A Response to Joe Peacock’s Booth Babes Need Not Apply
I am mostly content to write enthusiastic reviews and tales of my life as a geeky girl on my blog. After reading Booth Babes Need Not Apply on Geek Out, however, I decided I would go all controversial (I such an activist!) and compose a response.
At first I was going to ignore Joe Peacock’s harsh words, but after ruminating on it for a week I decided I just need to get my thoughts out. So here they are (as always, brilliant and freaking awesome):
The claim that a woman wearing less clothes than are deemed appropriate should be tested on her knowledge of geek is one I recently became acquainted with (ah, sweet ignorance, I miss thee). Even I’d Rather Vlog Naked‘s Nixie Pixel has had some depressing run-ins with this confused and angry side of our culture. And no one can deny her level of nerd, if they bother to watch her vlog.
What are we doing as a group, making the claim that someone does not belong simply because they are not fitting our definition of ‘correct’? Shouldn’t we be accepting of anyone, no matter their motives, background, or choice of dress? Does no one else watch anime?
I have always thought that Geek culture rocks because of its inclusiveness and an outlook that demands acceptance, not persecution. This whole debate of which pretty girls are fakes out to destroy our culture (dramatic much?) and which aren’t smacks of a bigger societal implication. Somewhere along the lines of ‘if it isn’t my kind of marriage than it’s against god.’ Where do we draw the line in making a decision on who belongs and who doesn’t? Wouldn’t it be better to simply erase the line?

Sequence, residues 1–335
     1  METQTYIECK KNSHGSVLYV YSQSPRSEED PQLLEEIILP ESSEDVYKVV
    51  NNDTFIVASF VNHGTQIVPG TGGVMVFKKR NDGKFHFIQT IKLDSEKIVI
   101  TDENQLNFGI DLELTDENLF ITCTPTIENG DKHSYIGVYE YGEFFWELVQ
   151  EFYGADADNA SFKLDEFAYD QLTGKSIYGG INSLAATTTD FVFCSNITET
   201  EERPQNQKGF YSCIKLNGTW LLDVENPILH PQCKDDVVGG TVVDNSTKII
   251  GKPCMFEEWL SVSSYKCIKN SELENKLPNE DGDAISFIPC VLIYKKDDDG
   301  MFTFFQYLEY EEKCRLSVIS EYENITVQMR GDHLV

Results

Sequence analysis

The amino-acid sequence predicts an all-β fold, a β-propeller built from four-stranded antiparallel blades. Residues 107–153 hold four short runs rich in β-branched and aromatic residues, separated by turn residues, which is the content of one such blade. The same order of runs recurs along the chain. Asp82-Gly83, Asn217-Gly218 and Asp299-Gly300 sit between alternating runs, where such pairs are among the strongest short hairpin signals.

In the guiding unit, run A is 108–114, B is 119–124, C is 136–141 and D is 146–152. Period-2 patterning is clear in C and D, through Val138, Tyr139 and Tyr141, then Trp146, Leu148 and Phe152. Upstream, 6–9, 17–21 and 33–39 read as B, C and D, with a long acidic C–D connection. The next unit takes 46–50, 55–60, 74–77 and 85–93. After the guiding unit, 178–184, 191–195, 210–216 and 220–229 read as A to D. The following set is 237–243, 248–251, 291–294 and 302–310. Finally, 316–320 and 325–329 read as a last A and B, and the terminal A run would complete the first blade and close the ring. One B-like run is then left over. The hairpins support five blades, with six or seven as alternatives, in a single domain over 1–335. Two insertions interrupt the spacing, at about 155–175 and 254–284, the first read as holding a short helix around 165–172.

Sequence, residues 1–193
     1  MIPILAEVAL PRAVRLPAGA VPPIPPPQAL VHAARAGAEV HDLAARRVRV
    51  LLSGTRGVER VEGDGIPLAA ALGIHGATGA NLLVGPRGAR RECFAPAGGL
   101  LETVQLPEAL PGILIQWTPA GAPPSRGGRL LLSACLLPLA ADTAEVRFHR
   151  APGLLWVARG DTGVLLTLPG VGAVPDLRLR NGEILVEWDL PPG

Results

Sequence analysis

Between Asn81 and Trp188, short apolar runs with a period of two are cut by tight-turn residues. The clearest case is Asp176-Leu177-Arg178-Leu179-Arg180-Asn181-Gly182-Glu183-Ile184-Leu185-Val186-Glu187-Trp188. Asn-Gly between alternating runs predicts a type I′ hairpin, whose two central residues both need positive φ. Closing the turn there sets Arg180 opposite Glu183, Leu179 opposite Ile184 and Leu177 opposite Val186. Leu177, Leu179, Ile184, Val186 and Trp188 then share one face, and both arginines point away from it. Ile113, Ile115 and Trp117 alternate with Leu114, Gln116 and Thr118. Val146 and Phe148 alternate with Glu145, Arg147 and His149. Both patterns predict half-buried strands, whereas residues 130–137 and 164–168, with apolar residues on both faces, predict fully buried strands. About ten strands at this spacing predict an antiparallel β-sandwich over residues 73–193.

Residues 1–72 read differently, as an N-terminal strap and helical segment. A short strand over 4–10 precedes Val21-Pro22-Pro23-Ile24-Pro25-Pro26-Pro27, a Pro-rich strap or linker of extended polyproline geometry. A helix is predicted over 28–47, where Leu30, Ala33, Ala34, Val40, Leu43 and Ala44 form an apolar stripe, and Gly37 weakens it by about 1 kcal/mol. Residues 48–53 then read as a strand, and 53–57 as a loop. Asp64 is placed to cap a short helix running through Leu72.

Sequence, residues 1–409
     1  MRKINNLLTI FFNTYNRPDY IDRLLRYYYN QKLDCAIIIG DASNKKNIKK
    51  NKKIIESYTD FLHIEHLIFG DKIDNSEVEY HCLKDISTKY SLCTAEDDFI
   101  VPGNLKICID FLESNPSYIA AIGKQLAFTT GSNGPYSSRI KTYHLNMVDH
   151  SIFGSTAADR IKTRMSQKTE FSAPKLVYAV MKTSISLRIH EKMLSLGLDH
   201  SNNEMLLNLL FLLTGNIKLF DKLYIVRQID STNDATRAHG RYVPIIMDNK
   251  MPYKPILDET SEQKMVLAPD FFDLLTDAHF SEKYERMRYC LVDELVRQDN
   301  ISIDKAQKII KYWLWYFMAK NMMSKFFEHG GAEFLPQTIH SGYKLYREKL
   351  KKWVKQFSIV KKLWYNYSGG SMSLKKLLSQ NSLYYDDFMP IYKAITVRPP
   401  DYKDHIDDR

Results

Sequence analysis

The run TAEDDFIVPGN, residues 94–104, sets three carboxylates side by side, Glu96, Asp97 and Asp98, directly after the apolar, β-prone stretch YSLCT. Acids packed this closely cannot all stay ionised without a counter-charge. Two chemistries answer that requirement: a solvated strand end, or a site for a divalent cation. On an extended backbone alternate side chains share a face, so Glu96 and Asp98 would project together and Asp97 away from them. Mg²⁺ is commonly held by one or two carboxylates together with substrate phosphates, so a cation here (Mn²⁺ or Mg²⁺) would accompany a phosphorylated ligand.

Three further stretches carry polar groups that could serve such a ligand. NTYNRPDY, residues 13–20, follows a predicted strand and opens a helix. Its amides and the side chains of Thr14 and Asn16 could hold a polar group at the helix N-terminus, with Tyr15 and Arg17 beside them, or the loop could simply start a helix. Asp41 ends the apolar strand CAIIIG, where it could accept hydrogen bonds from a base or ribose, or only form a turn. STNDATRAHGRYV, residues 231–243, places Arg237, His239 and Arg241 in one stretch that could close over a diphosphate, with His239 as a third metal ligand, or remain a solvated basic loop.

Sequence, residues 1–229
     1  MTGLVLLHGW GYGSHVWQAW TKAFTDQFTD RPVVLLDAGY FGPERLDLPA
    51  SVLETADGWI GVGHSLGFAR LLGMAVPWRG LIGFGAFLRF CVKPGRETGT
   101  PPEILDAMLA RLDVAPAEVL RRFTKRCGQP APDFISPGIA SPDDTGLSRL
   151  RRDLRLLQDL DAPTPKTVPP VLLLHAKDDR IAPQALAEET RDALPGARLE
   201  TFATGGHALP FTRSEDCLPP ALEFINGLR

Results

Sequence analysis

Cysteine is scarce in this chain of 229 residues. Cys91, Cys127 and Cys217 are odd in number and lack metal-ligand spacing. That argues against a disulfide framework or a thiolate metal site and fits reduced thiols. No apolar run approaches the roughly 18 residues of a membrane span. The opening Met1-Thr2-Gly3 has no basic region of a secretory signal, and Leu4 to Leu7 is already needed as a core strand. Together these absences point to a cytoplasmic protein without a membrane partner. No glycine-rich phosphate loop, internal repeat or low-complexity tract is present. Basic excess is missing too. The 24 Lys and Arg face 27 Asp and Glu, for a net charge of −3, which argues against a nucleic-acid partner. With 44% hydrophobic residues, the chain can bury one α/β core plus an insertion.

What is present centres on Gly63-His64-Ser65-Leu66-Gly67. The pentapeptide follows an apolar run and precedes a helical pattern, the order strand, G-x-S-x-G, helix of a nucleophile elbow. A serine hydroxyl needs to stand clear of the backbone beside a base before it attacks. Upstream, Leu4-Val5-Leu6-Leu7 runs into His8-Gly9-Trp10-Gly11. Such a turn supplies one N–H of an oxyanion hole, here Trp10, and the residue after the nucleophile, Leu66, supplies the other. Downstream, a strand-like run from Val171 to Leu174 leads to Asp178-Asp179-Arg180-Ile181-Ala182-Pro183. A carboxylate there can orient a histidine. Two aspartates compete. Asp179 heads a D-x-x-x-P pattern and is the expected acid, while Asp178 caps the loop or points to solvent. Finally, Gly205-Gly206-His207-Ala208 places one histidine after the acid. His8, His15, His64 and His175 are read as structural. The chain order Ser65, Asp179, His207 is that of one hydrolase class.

Olivia Munn is one example thrown out by Joe Peacock in his post. This former Attack of the Show host may be seen as a ‘fake’ to some nerds, but as a female she gave me something really, really important: the realization that I don’t have to hide what I am to be seen as attractive. It can be really tough to break out of the mold that people put you into and to see yourself as anything but what others think you should be. These beautiful, confident women celebrating the things that make me who I am gave me the insight that I should just rock being myself. They are pioneers, examples to men and women everywhere who are struggling to accept themselves for who they are.
The trend of turning a girl into an object of suspicion and scorn simply because she is attractive or dresses in a way that the Puritans would not approve of makes me really, really sad for our community – and for the first time ever, ashamed for it. And rating a girl’s attractiveness as a ’6′ or ’9,’ Mr. Joe Peacock…well, maybe we are creating a problem instead of fixing one. Like, a sexist problem. I honestly have yet to see an attractive male nerd in Superman cosplay questioned about their ‘level of geek.’
All this said, I certainly am not on the ‘I hate Joe Peacock’ train. I am riding the ‘I am really disappointed in Joe Peacock’ bus. I actually think he adds a lot to the community – I mean, he has a blog on CNN! Talk about outreach power. He just needs to remember that with great power comes great responsibility (hehe), and he should work on his outlook on the female half of the species. And realize that he hurt a lot of feelings, and gave some geek girls a belly ache (being sad makes me nauseous).
For all the boys and girls out there who feel the need to get worked up about ‘booth babes,’ or pretty girls who show up at geek events: it’s tough being a woman in what was predominantly a man’s world for a long time. So give us a break, and give us the support we need instead of the judgment that seems so much easier to dole out.
Let’s just all geek out together on a sea of rainbows, sunshine, and Xboxes.
I loved Scalzi’s response Who Gets to be a Geek? Anyone Who Wants to Be. It’s a nice reminder that most geek boys most certainly do not feel the same as Joe Peacock. Click to check it out. Thanks so much for reading!